I started typing my story up this week. It’s actually been useful, to kinda start editing but also remind myself of the detail earlier on in the story vs where it’s currently at (i.e. where I am with writing it). This typing up is a way where I feel like I am working on the story, when I’m not feeling so creatively inspired to actually write new words.
Where I’m currently at
Week 1: 21 A5 pages
Week 2: 27.5 A5 pages
To my pleasant surprise, not only have I written as much as I did in the first week, but even more. News to my ears. Or eyes. Or both. Well, all four. You know what I mean.
Structure vs pantsing
Following the very basic outline of week 1, shortly into week 2 I realised I was in danger of my story going haywire. So, this week, I’ve been reverting to the outline, adding sub-points to it to keep me on track. It’s a delicate balance between having enough structure there, with some flexibility for me to just write and go with the flow and see how it turns out.
So far, it’s working. Kinda. I’m winging it still, but I’m making progress. Which is all the matters.
If I were to estimate, it feels like I’m about half-way through with this short story. I’m fairly sure it will, indeed, be on the mediocre-to-longish side of a short story, but fall short of being a novella. PS. Phillip McCollum’s output is slightly putting mine to shame. PPS. Don’t compare yourself to others, AB. Stop it. *hits himself on hand*
Thinking ahead aka losing my mind a bit
I’ll be honest now… as is *typical* of what I do (I loooove freaking myself out), I’ve been thinking ahead like an excitable-yet-worried little puppy. When I’ve finished writing and typing it all up… Do I need a professional editor? Am I going to self-publish? Will I have to release it ‘free’, indefinitely? How the hell am I gonna get people to actually read the damn thing? Will they even like it? Should I even be telling the world about my first ever short story, seeing as it’s likely to be crap?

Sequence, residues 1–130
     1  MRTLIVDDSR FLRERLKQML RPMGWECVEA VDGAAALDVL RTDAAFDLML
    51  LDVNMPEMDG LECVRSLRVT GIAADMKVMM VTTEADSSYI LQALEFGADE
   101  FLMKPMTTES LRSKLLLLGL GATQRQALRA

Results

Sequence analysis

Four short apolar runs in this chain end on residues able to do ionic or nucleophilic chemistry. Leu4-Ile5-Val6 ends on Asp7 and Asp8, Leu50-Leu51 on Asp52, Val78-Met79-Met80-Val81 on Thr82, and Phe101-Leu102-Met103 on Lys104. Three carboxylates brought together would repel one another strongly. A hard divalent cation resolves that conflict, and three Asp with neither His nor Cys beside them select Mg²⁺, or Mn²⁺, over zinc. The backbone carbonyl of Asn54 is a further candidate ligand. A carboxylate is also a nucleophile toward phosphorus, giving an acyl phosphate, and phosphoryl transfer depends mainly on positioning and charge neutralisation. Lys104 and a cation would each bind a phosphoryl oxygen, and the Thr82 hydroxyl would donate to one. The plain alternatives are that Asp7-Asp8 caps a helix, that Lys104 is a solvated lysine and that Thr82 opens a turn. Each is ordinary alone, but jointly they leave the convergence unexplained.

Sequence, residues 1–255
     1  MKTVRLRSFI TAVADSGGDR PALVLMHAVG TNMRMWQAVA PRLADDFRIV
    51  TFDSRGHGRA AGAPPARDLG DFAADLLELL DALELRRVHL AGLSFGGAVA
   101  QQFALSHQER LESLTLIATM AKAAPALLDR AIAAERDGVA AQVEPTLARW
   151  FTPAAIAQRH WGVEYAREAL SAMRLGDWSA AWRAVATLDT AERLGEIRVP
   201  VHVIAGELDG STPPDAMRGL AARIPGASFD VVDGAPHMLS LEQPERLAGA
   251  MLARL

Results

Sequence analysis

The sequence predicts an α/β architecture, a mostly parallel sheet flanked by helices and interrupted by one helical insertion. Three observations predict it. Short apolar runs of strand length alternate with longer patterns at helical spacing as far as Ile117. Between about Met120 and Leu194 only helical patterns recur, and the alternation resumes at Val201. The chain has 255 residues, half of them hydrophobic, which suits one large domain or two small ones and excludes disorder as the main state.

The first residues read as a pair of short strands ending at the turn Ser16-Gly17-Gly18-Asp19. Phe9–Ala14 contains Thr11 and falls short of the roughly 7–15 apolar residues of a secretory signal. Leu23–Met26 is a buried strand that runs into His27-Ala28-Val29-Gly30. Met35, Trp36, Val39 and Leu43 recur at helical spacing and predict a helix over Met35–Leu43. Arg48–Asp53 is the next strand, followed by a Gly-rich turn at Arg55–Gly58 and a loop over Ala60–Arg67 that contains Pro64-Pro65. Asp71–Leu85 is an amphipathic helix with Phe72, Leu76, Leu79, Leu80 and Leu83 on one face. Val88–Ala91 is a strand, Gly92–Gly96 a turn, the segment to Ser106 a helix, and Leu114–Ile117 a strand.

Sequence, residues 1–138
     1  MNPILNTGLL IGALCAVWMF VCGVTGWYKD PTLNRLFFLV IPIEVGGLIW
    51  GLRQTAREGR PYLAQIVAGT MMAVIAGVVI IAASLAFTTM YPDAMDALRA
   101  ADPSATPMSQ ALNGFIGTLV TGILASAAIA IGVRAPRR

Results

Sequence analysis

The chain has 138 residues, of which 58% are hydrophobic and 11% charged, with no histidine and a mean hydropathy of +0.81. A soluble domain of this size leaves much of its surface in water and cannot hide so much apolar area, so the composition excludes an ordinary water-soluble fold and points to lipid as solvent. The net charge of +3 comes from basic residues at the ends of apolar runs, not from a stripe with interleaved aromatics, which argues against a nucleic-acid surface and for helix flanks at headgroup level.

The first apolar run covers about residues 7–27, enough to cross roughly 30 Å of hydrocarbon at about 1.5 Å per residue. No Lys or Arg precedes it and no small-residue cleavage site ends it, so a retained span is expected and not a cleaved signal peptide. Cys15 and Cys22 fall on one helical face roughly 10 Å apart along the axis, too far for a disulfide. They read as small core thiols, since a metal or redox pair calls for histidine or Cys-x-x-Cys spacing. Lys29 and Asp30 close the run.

Aaaaaarrrrrggggghhhhh! Wait, no, more like aaaaaaaaaahhhhhhhhhhh! That’s better. More freaked out vibes, less scary-monster vibes.
But seriously, I have to try to reign myself in with these thoughts – as otherwise there’s the risk I’ll get overwhelmed, feel hopeless and that this is a thankless task. I just can’t help myself, though.
I’m aware that I’m sooo early in my writing journey, and I mustn’t get ahead of myself. But I just can’t help thinking about others reading the words I’ve written, the story I’ve crafted. And wanting to know what they’ll make of it.
As I write this and I crystallise my thoughts, I have resigned myself to the fact that very few people are likely to even start reading the finished piece, initially at least. This whole writing lark sounds like a long-term thing. Hopefully – if it’s meant to be – this story will form just part of a body of work. F*ck that sounds overwhelming and daunting even to put down.
Perhaps, I’ll slowly get more people who hear about my stuff, and even one day be able to charge for my stuff. Or find a traditional publisher. I’m doing it again. Thinking too far into the future and freaking out.
For now, I’m just trying to ground myself and just be happy with putting one foot in front of the other.
✏ Written: Wednesday, 14th March 2018 @ 10.24pm
What about you? 📖
Do any other early-journey authors + writers think ahead like this? If you’re further down the line, I’d love to hear what happened after your first story (or two) were ready to be shared with the world. What happened? Your perspective would really be appreciated 💙